I wore a uniform for awhile. It was navy blue. I wore it as a desk agent at a hotel before I moved “up” to assistant desk manager- same money, more work. But I got to wear my own clothes. And scrubs. I wore scrubs when I worked for a vet in Las Vegas. Friend of John Ensign’s too. I still have my wedding dress, size 12 thank you, my graduation robes and every teeshirt and tag from running in the Oklahoma City Memorial runs. I have slinky dresses I haven’t the guts to wear and a bright pink teeshirt screen printed by Rebecca Hutchens for the class of 1991 that we all signed in blue. I have a memorial shirt with Brent Wheatley’s picture on it. I even had a jean quilt made by my sister Yvette from all the old jeans in or family- baby jeans from the kids growing up and my jeans with paint splattered on them and her jeans and mom’s and my sister’s too. It’s heavy and backed with blue flannel and I couldn’t imagine my life without its comfort.

After I was in college for a time, I decided that wardrobe was an important consideration for my career. I don’t really like wearing dresses every day. I like jeans. I like casual. Mostly, I want freedom to dress for comfort. It’s important. In thinking of this and my propensity to curse like a sailor, I decided I’d ought to teach adults. I like grown ups and mostly grown ups, and I love teaching English. And I especially like being able to wear what I like. I’m not saying this was my only consideration. After all, English teachers are expected to drink ridiculous amounts of coffee. They’re expected to be creative and a little out there and especially, they’re expected to be unconventional. Voila.

Ok, so it’s been awhile since I’ve lived in Washington. My mom moved to Oregon and my sisters have settled in their respective communities in Washington. My mom still sews and occasionally we’ll ask her for home made Christmas gifts. My sisters and I are particularly fond of the pattern my mom has for aprons that fit my grandma. They go over the head and tie around the waist. They’re hilariously too big for all of us, since my grandma is basically four feet around and four feet tall. Though my sister Yvette is beginning filling that model- four children and genetics take their toll. Plus she’s only 5’3” tall. By contrast, I’m more like my grandpa’s side of the family. Almost 5’8” tall and strong jawed. But I love those aprons and count the one my mom made for me using Grandma’s pattern to be one of my favorite things in the world. It goes around me twice.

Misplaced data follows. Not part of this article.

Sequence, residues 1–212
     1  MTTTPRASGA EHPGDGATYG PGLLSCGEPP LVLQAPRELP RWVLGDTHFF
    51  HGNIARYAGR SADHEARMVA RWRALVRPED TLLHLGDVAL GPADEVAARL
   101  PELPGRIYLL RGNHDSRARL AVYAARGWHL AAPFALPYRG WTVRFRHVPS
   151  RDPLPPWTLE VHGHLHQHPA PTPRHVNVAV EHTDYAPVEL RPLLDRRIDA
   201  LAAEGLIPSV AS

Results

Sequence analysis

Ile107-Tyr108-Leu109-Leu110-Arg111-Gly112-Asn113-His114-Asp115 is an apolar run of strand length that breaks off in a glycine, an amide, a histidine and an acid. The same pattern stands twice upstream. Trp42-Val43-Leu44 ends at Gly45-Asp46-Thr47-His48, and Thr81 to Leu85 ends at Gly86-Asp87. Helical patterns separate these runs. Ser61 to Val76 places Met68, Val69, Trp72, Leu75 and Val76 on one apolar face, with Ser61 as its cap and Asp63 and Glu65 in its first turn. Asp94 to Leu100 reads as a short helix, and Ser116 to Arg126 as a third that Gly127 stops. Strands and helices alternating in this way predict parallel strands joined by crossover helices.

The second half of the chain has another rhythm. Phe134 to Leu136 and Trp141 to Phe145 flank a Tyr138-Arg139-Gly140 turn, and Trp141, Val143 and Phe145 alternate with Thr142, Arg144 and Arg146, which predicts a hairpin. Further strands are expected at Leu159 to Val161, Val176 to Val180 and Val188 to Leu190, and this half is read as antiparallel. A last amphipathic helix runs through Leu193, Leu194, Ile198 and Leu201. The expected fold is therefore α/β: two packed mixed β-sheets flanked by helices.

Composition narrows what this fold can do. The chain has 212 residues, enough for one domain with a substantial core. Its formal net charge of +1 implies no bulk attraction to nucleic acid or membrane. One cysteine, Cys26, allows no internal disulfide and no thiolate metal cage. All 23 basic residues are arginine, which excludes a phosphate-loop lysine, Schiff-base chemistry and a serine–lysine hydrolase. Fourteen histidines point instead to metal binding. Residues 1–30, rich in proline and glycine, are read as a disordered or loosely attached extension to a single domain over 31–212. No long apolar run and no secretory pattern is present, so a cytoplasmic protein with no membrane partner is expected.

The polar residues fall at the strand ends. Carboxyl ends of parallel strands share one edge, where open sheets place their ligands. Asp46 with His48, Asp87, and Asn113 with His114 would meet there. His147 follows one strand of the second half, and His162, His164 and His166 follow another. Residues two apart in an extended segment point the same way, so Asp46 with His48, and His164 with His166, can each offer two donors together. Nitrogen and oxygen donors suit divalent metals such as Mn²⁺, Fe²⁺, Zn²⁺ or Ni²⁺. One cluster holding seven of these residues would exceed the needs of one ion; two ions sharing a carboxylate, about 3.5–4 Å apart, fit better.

One Christmas, my mom decided to make us girls nightgowns made of comfy flannel and trimmed with lace. It was really cute. She used Yvette as a pattern. I held it up and sort of gauged how far up my thigh that thing was going to hit. All the way up.
“Go try it on” urged my grandma.
“Not sure I want to”. I started to feel like Ralphie from A Christmas Story, contemplating a giant pink bunny suit.
“Your mom made that for you. Go try it on.” Nevermind that I’m over 30. She’s my grandma. She wins. I put it on.

It fell off of my shoulders. The bottom hem was somewhere close to the uh, nether regions. I made sure my grandpa was out of the room before creeping back to the living room, hunched over. I stood up, my face flaming, glad I was wearing underwear.
“Oh My”, said Grandma. “That thing doesn’t even cover you girlie bits”. She didn’t say girlie bits. She said the “P”’ word. I just can’t say that in a public forum.
“What was she thinking?” said my grandma.
“That we’re all built like Yvette”. This is part of the peril of not living close to my mom. I can’t be the sewing dummy when she needs me. This is part of what I love about my family. We’re so thoughtful in such weird ways and it doesn’t always work well- but the heart, the important part- is in the right place. If it’s any consolation, my other sisters all got the same nightgown. Patti is built like me, but Mickie loved hers. I think this year I’ll ask my mom for another apron.

So I’m sitting cross legged today in my lab, wearing jeans and a black top. I rode my scooter today, which heavily influences my clothing choices. No short skirts- long skirts ok. My glasses perch on my nose because I ran out of time to put in my contacts. Yes, it only takes a minute but I was 20 minutes late. I had a proposal to present and it’s always good to look extra nerdy when talking nerd stuff. I even went the extra step and rolled down my pant legs. It went ok.

That’s my life in clothes. Maybe you should come over and dig out something to wear. Raid my closet if you don’t mind cat hair. I’m sure I have something you’ll like that I once wore or bought and changed my mind or that was my favorite ever for awhile. I wear a size 6-8, though I’ve got some size 10’s just in case.

Don’t worry about me running out. It’ll give me an excuse to go shopping for more.